This was such a fun read! It got me thinking about that scene in Oliver!

It also saw me flexing my fingers and practicing my sleight of Hand. I imagined myself as a magician or retrieving things from pockets using only my index and middle finger. Not other people’s pockets…just my own. But don’t worry – I don’t think younger readers will be pulled into a life of crime by reading the book. And I hope they do!

 

 

A Winter Break Fave

4 Jan

I have to go back to work today. It is a good thing I love my job,

Fortunately, I will have the lingering memory of one of my favorite Winter Break reads to soothe my heart.

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The main character in Jared Reck’s debut, Matt, is just an all around nice guy. He has nice friends, and a nice family. He is nice to his little brother. He isn’t the star player on his basketball team, but he aspires to it, and we know he will be in a few years.

As in many YA novels, something bad happens and he tries to deal with it on his own. What sets this one apart is how his family rallies to help him. It is a lot quieter than other debut novels, but it is wonderful.  Just a lovely, lovely book!

Publisher’s Summary: Seriously, how can you see a person nearly every day of your life and never think a thing of it, then all of a sudden, one day, it’s different? You see that goofy grin a thousand times and just laugh. But goofy grin #1,001 nearly stops your heart? 
 
Right. That sounds like a bad movie already.
 
Matt Wainwright is constantly sabotaged by the overdramatic movie director in his head. He can’t tell his best friend, Tabby, how he really feels about her, he implodes on the JV basketball team, and the only place he feels normal is in Mr. Ellis’s English class, discussing the greatest fart scenes in literature and writing poems about pissed-off candy-cane lumberjacks.

If this were a movie, everything would work out perfectly. Tabby would discover that Matt’s madly in love with her, be overcome with emotion, and would fall into his arms. Maybe in the rain.

But that’s not how it works. Matt watches Tabby get swept away by senior basketball star and all-around great guy Liam Branson. Losing Tabby to Branson is bad enough, but screwing up and losing her as a friend is even worse.

After a tragic accident, Matt finds himself left on the sidelines, on the verge of spiraling out of control and losing everything that matters to him. From debut author Jared Reck comes a fiercely funny and heart-wrenching novel about love, longing, and what happens when life as you know it changes in an instant.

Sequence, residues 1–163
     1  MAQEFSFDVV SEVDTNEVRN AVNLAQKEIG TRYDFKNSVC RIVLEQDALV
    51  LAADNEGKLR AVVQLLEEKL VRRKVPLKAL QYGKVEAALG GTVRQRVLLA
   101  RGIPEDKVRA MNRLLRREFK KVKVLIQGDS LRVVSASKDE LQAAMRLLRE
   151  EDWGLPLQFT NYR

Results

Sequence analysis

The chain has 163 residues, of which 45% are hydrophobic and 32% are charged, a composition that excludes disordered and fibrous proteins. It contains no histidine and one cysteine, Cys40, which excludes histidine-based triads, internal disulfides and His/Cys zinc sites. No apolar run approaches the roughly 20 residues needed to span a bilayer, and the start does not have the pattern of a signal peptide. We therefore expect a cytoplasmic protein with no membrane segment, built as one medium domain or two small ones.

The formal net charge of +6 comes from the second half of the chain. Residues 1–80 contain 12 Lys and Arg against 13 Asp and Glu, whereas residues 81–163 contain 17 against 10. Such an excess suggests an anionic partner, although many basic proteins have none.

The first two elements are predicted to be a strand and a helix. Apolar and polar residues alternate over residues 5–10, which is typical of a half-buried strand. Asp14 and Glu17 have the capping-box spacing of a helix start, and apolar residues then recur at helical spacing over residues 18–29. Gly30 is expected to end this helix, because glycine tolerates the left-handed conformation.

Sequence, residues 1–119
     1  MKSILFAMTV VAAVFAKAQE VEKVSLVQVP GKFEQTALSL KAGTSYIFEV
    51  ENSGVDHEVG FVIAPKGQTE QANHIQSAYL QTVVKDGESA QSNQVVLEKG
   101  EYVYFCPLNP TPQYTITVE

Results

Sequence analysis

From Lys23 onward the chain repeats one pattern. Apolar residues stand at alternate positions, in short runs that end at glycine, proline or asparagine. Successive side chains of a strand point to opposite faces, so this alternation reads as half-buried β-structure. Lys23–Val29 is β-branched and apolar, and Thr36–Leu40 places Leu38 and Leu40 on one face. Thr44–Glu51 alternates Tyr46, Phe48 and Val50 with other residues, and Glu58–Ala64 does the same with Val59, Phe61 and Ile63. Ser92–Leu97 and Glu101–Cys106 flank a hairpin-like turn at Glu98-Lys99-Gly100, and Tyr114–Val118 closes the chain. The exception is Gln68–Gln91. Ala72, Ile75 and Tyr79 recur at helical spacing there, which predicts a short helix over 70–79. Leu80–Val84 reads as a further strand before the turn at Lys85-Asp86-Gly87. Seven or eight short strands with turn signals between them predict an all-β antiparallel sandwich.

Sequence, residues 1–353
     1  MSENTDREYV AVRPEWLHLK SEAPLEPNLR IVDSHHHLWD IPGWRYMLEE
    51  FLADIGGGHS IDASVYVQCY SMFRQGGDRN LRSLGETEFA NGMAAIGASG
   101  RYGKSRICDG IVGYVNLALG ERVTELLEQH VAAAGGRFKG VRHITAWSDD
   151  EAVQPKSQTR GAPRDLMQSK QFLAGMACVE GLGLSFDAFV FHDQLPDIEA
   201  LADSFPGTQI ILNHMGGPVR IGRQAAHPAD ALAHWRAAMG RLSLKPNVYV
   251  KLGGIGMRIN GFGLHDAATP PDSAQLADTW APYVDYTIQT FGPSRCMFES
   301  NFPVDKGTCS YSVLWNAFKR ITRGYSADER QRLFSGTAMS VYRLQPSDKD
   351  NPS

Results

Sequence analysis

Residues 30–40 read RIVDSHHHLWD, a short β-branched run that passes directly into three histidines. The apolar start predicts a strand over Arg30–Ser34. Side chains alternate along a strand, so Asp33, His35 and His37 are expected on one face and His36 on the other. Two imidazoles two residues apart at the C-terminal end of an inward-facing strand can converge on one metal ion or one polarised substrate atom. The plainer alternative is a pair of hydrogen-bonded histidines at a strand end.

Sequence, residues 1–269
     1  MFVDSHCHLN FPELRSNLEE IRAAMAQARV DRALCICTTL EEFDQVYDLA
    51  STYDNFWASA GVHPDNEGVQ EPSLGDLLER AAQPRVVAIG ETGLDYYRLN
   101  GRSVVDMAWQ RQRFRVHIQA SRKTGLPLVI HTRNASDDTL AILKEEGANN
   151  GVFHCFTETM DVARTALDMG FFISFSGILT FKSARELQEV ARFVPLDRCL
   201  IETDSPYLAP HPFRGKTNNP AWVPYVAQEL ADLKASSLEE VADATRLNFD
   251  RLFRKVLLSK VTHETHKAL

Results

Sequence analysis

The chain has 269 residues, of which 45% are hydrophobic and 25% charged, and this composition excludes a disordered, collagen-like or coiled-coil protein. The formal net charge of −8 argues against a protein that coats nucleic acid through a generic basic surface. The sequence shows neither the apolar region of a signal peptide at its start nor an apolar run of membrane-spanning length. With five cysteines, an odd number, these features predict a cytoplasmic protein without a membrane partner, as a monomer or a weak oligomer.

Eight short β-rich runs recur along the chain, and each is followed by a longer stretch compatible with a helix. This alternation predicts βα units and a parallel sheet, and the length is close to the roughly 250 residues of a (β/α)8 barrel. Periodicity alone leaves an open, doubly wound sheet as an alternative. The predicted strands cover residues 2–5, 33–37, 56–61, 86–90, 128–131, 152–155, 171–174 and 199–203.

A book for animal lovers

4 Dec

One Amazing Elephant, by Linda Oatman High, is a quiet middle grade novel. It reminds me a little of The One and Only Ivan  because it alternates perspectives between Lily and Queenie Grace, providing readers with a deep understanding of and empathy for the elephant’s experience.

It seems to be flying under the radar and not getting a lot of attention, but there is definitely an audience for it. Any reader who loves animals will love it.

 

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Publisher’s Summary:  A poignant middle grade animal story from talented author Linda Oatman High that will appeal to fans of Katherine Applegate’s The One and Only Ivan. In this heartwarming novel, a girl and an elephant face the same devastating loss—and slowly realize that they share the same powerful love.

Twelve-year-old Lily Pruitt loves her grandparents, but she doesn’t love the circus—and the circus is their life. She’s perfectly happy to stay with her father, away from her neglectful mother and her grandfather’s beloved elephant, Queenie Grace.

Then Grandpa Bill dies, and both Lily and Queenie Grace are devastated. When Lily travels to Florida for the funeral, she keeps her distance from the elephant. But the two are mourning the same man—and form a bond born of loss. And when Queenie Grace faces danger, Lily must come up with a plan to help save her friend.

Friendship & Forgiveness

3 Dec

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The Ethan I Was Before, by Ali Standish, is a book I chose to add to my Mock Newbery Club list before I’d actually read it. It was getting some buzz and was on the lists of a few other people.

Publisher’s Summary: Life can be transformed in one moment, but does that one moment define you for life?

Lost in the Sun meets The Thing About Jellyfish in Ali Standish’s breathtaking debut. A poignant middle grade novel of friendship and forgiveness, The Ethan I Was Before is a classic in the making.

Ethan had been many things. He was always ready for adventure and always willing to accept a dare, especially from his best friend, Kacey. But that was before. Before the accident that took Kacey from him. Before his family moved from Boston to the small town of Palm Knot, Georgia.

Palm Knot may be tiny, but it’s the home of possibility and second chances. It’s also home to Coralee, a girl with a big personality and even bigger stories. Coralee may be just the friend Ethan needs, except Ethan isn’t the only one with secrets. Coralee’s are catching up with her, and what she’s hiding might be putting both their lives at risk. The Ethan I Was Before is a story of love and loss, wonder and adventure, and ultimately of hope.

My sense from the club members who have read Ethan is that they liked it well enough, but it isn’t top of their list. It reminded me a lot of Bridge to Terabithia. 

Randy Ribay

YA author, teacher, nerd